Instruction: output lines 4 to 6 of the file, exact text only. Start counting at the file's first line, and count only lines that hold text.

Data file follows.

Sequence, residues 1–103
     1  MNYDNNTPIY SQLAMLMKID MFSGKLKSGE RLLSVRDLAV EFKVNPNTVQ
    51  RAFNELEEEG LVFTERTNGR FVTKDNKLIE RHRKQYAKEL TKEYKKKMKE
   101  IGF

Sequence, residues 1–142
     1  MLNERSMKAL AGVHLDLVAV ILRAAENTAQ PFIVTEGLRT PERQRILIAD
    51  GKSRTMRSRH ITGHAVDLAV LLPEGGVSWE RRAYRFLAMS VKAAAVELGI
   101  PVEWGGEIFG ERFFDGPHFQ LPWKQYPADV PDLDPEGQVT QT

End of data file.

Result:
   101  IGF

Sequence, residues 1–142
     1  MLNERSMKAL AGVHLDLVAV ILRAAENTAQ PFIVTEGLRT PERQRILIAD